John: Hm.

Phil: And in the deposition, he would teach the case, basically. What conclusions did he reach? What drew him to those conclusions? What scientific literature supports his conclusions? And he would teach the case to us, as attorneys, as if he were teaching first-year medical students, really.

John: Mhm.

Phil: He’s probably the most-followed doctor in Northern California workers’ comp, certainly one of the most-respected, and it was always because of that approach. And what I learned from that is, sometimes I walk in to take depositions of doctors and they’re chewing their nails when I walk in. They’re ready to attack me. [funny voice] How dare me, a lawyer, ask a doctor a question! He is truth, he is god! He has an M.D. behind his name, so he knows everything!

John: [laughing] I get the picture, yeah.

Phil: He may know a great deal about medicine, but he might not know so much about workers’ comp law.

John: Mhm.

Phil: And so really, all that makes me think, as a defense attorney, is why? Why, this doesn’t make sense. Why is he behaving that way? And so I always recommend to doctors that they remain kind, polite, that they teach the case, and that they understand that the lawyer is usually there because he or she has questions that were not addressed in the medical report. Let me say one final thing: I know that sometimes attorneys go in and their purpose is to try and get a doctor to change his opinion. Okay?

John: Uh-huh.

Phil: That happens, that happens all the time. In my experience, really good doctors, in their testimony, will say, “Based on the database of information I had, and the science I’m aware of, here are my conclusions. If there is data that I’m not aware of, if there is science I’m not aware of, I’m absolutely willing to change my conclusions, and if you have that, please present it to me now, and let me know what it is.” That simple. And often, good lawyers and good doctors, and when I say “good” I mean experienced, may end a deposition and say “We disagree.” Okay? And the reality is, if you sit down and have doctors talk to each other, you’ll actually find that they disagree all the time with each other.

John: Sure, mhm.

Phil: Over what causes things, and what relative contributions are, and other things.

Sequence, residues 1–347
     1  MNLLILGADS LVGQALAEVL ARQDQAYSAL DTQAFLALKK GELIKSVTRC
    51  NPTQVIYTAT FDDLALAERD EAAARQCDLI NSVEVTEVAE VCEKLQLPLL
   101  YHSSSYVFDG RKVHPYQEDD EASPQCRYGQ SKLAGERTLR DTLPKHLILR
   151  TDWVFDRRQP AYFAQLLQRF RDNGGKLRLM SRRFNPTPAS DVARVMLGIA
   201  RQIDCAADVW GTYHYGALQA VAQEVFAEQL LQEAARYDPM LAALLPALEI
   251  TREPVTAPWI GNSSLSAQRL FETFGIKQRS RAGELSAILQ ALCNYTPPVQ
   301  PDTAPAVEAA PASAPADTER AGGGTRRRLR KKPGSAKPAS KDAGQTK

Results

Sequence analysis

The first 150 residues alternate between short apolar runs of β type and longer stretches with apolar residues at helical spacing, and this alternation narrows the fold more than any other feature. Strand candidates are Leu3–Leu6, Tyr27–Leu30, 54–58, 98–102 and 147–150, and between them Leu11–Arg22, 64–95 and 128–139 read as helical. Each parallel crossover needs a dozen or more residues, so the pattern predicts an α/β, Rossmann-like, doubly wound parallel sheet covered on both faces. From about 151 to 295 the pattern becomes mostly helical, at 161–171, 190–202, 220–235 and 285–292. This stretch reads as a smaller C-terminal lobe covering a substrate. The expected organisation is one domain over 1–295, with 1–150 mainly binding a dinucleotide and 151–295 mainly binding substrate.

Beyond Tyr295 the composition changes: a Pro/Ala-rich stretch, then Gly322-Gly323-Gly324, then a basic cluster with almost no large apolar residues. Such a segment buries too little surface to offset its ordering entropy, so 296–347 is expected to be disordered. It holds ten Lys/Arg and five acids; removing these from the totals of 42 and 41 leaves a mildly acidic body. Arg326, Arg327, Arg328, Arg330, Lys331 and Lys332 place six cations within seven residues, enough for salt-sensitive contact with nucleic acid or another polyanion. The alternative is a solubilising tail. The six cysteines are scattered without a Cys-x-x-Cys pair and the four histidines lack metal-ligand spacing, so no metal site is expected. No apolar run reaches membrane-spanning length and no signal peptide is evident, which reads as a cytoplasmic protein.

John: Right.

Phil: The one final thing I wanted to share with the issue of the subpoena that you talked about–

John: Please.

Phil: A lawyer has the right to send a subpoena to a doctor, and to compel that doctor to be present at a certain time and a certain place. It is an order of the court, essentially, that the doctor must present himself. Now, I’m gonna tell you the law, in dealing with that, and I’m gonna tell you the practicality. The law is that if the doctor does not want to present at that time or that place, he has to file a document called a motion to quash, to quash the deposition. The moment that motion is filed, the deposition is basically unscheduled. The moment the motion is filed, the deposition will not go forward until the court has made a determination on the motion to quash. And I always recommend that people try to resolve things without resorting to lawyers and legal papers, and they try and resolve things by talking to each other. And so for instance, in my career, I’ve practiced workers’ compensation law nearly 35 years. I’ve only subpoenaed a doctor for a deposition twice, in 35 years. And the only time I would do that is when I have called the doctor’s office multiple times, and I’m talking like 10 different times, to try and schedule the deposition, and the doctor wouldn’t respond to me. And when he wouldn’t, or his office wouldn’t, then I’d schedule him by subpoena. And the moment I sent that subpoena, suddenly my phone would ring, and the doctor is amenable to scheduling the deposition.